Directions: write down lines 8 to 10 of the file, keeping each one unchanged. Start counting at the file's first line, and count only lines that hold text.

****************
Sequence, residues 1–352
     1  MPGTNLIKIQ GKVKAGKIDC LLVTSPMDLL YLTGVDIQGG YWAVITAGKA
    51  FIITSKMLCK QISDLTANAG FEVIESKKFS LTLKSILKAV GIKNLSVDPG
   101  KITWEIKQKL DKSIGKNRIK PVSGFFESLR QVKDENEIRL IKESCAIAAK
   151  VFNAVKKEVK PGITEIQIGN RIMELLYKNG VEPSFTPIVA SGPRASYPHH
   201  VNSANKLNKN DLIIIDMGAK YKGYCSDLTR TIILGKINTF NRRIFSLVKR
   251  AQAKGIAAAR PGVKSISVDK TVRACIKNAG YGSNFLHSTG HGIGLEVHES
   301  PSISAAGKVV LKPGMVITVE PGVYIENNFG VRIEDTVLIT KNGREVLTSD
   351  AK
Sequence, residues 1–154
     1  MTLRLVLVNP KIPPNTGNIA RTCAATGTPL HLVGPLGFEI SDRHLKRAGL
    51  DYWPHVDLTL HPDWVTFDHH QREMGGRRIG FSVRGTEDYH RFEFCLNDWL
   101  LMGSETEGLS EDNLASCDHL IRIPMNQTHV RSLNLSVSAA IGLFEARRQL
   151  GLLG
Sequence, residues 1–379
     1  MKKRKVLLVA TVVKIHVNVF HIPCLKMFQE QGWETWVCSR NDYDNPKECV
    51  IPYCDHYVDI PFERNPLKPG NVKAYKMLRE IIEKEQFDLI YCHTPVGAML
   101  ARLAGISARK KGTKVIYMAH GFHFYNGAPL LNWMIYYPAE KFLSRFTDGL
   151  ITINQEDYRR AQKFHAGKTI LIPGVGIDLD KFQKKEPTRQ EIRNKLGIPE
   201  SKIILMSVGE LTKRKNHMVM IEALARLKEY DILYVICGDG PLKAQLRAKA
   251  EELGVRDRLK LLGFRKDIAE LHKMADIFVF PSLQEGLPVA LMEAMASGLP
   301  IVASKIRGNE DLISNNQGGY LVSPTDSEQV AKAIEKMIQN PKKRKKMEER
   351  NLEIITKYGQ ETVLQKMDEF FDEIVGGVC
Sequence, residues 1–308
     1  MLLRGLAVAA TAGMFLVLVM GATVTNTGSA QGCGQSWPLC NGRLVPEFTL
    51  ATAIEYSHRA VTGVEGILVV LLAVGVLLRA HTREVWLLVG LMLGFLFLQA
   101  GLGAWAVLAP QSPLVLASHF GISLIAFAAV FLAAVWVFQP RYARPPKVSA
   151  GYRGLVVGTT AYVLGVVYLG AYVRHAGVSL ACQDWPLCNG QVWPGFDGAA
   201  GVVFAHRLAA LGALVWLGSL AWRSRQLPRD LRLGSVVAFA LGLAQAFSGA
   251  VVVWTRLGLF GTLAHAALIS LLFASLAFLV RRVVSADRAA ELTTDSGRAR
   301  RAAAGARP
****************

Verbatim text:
   301  PSISAAGKVV LKPGMVITVE PGVYIENNFG VRIEDTVLIT KNGREVLTSD
   351  AK
Sequence, residues 1–154